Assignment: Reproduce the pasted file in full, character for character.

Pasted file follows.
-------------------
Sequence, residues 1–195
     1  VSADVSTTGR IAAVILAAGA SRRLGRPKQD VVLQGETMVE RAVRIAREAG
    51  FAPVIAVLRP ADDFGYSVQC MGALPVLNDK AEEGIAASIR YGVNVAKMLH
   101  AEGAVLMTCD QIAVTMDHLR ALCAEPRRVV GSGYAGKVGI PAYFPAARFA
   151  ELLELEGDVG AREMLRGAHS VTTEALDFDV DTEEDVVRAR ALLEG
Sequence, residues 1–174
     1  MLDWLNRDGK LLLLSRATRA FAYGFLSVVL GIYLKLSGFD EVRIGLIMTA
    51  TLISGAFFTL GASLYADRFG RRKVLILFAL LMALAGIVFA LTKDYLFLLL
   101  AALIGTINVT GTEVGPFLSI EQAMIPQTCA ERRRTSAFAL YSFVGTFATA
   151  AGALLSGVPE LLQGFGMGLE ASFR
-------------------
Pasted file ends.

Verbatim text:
Sequence, residues 1–195
     1  VSADVSTTGR IAAVILAAGA SRRLGRPKQD VVLQGETMVE RAVRIAREAG
    51  FAPVIAVLRP ADDFGYSVQC MGALPVLNDK AEEGIAASIR YGVNVAKMLH
   101  AEGAVLMTCD QIAVTMDHLR ALCAEPRRVV GSGYAGKVGI PAYFPAARFA
   151  ELLELEGDVG AREMLRGAHS VTTEALDFDV DTEEDVVRAR ALLEG
Sequence, residues 1–174
     1  MLDWLNRDGK LLLLSRATRA FAYGFLSVVL GIYLKLSGFD EVRIGLIMTA
    51  TLISGAFFTL GASLYADRFG RRKVLILFAL LMALAGIVFA LTKDYLFLLL
   101  AALIGTINVT GTEVGPFLSI EQAMIPQTCA ERRRTSAFAL YSFVGTFATA
   151  AGALLSGVPE LLQGFGMGLE ASFR